Fascinating Fungi!

I just read an incredible interview with Paul Stamets, a mycologist (a.k.a. fungus scientist) who has written a number of books, Photo of Paul Stamets, courtesy of the Northern Rockies Bioneers web siteincluding one called Mycelium Running: How Mushrooms Can Help Save The World.

Although fungus may not sound particularly exciting or interesting, I think you may change your mind after hearing what Stamets has to say.

A few tidbits from the interview:
  • The largest organism in the world is a mycelial mat in eastern Oregon that covers 2,200 acres and is more than two thousand years old.
  • These mycelial mats are sentient and in constant communication with themselves -- they use many of the same neurotransmitters that humans use to communicate!
  • Fungi are the vast recyclers of the natural world. They're capable of breaking down toxic substances, pollutants, etc., into their fundamental elements -namely things like carbon dioxide and water.

The interview was published in the February issue of The Sun magazine and you can click here to read the first few pages of it on their site (but you have to order the print issue to read the full piece.)

OR you can read this Salon.com interview with him.

OR you can watch Paul Stamets' talk on the TED web site - click here to watch him.

He is incredibly knowledgeable, passionate about the fungi he studies and about saving our environment, and refreshingly sane and down to earth. Plus he just seems like a fun guy (sorry, I couldn't resist...)

There is also lots more info on his web site at http://www.fungi.com

2 comments:

Elise said...

I saw Paul's talk at Taste3 last year. Amazing that we can so easily reclaim wasteland and build soil just with mushrooms.

Eve Fox said...

How cool! Yes, I was blown away by the interview I read. I just bought his book (Mycellium Running) and it is next in line for reading :)

What is Taste3? Sounds like it must be pretty cool if he was talking there...

Monday, June 30, 2008

Fascinating Fungi!

I just read an incredible interview with Paul Stamets, a mycologist (a.k.a. fungus scientist) who has written a number of books, Photo of Paul Stamets, courtesy of the Northern Rockies Bioneers web siteincluding one called Mycelium Running: How Mushrooms Can Help Save The World.

Although fungus may not sound particularly exciting or interesting, I think you may change your mind after hearing what Stamets has to say.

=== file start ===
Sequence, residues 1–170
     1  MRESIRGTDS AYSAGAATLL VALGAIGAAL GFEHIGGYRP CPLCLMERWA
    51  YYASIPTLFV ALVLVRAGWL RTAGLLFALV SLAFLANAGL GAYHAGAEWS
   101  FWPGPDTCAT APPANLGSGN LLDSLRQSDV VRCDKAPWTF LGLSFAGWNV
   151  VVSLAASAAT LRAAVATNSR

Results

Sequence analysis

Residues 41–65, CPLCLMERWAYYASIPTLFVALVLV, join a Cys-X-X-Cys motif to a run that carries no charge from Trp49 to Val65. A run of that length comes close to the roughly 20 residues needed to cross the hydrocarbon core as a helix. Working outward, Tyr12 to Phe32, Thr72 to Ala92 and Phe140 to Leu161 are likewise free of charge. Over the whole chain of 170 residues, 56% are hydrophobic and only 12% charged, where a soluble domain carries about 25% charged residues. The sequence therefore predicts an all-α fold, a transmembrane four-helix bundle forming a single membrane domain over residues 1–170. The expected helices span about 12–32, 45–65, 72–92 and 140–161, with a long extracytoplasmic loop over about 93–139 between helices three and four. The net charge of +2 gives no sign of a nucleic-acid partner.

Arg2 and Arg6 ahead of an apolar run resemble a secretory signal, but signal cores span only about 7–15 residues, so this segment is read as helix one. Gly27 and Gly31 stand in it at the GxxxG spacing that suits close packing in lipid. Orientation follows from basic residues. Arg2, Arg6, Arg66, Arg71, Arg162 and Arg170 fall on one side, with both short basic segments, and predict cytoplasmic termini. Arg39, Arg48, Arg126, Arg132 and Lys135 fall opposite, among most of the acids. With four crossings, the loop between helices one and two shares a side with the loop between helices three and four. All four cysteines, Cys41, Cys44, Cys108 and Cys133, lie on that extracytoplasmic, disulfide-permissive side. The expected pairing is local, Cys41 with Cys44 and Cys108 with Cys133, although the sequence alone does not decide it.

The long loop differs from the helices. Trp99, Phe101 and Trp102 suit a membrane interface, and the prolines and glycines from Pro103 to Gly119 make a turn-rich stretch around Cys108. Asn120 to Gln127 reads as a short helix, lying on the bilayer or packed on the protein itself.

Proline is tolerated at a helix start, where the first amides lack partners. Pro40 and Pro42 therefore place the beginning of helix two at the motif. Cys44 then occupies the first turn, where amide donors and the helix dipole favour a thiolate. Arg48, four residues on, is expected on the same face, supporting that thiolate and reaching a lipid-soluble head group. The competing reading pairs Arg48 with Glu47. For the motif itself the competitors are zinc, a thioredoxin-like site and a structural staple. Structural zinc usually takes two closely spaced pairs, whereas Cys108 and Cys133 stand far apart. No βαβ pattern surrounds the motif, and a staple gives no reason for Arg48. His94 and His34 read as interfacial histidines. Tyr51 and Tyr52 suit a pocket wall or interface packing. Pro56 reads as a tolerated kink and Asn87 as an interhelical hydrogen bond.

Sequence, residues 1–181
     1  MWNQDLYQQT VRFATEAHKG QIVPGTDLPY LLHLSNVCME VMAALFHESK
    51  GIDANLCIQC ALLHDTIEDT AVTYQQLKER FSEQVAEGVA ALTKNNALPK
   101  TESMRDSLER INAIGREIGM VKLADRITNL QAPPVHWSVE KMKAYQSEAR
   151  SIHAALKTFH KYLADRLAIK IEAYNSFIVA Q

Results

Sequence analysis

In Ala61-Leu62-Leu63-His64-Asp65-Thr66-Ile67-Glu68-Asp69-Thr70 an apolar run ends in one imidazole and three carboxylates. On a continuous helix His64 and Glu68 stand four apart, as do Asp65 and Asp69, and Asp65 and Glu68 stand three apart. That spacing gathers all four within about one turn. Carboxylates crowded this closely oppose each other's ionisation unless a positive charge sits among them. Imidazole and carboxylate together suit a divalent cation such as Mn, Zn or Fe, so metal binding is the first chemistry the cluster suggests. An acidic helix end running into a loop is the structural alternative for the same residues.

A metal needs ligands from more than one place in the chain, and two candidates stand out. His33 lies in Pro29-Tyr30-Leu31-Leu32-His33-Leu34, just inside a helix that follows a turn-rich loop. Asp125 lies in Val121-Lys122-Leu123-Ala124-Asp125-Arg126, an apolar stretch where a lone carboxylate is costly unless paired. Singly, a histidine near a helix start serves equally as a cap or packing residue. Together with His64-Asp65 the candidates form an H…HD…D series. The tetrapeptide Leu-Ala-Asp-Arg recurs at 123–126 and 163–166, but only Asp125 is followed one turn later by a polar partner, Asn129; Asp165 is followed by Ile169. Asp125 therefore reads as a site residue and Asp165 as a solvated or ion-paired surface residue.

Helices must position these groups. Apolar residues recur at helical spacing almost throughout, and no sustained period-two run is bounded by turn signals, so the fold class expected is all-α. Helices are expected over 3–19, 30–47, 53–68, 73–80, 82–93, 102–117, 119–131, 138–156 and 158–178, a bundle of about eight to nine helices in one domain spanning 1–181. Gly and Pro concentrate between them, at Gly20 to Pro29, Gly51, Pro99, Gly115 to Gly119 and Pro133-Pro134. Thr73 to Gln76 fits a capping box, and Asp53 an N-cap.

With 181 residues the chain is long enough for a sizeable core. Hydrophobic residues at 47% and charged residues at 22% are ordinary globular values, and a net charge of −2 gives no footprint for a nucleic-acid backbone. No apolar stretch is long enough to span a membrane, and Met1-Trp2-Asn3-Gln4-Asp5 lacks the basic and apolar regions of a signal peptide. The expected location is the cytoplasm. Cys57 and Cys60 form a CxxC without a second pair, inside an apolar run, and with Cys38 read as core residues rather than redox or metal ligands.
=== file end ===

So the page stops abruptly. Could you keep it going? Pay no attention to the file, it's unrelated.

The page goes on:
A few tidbits from the interview:
  • The largest organism in the world is a mycelial mat in eastern Oregon that covers 2,200 acres and is more than two thousand years old.
  • These mycelial mats are sentient and in constant communication with themselves -- they use many of the same neurotransmitters that humans use to communicate!
  • Fungi are the vast recyclers of the natural world. They're capable of breaking down toxic substances, pollutants, etc., into their fundamental elements -namely things like carbon dioxide and water.

The interview was published in the February issue of The Sun magazine and you can click here to read the first few pages of it on their site (but you have to order the print issue to read the full piece.)

OR you can read this Salon.com interview with him.

OR you can watch Paul Stamets' talk on the TED web site - click here to watch him.

He is incredibly knowledgeable, passionate about the fungi he studies and about saving our environment, and refreshingly sane and down to earth. Plus he just seems like a fun guy (sorry, I couldn't resist...)

There is also lots more info on his web site at http://www.fungi.com

2 comments:

Elise said...

I saw Paul's talk at Taste3 last year. Amazing that we can so easily reclaim wasteland and build soil just with mushrooms.

Eve Fox said...

How cool! Yes, I was blown away by the interview I read. I just bought his book (Mycellium Running) and it is next in line for reading :)

What is Taste3? Sounds like it must be pretty cool if he was talking there...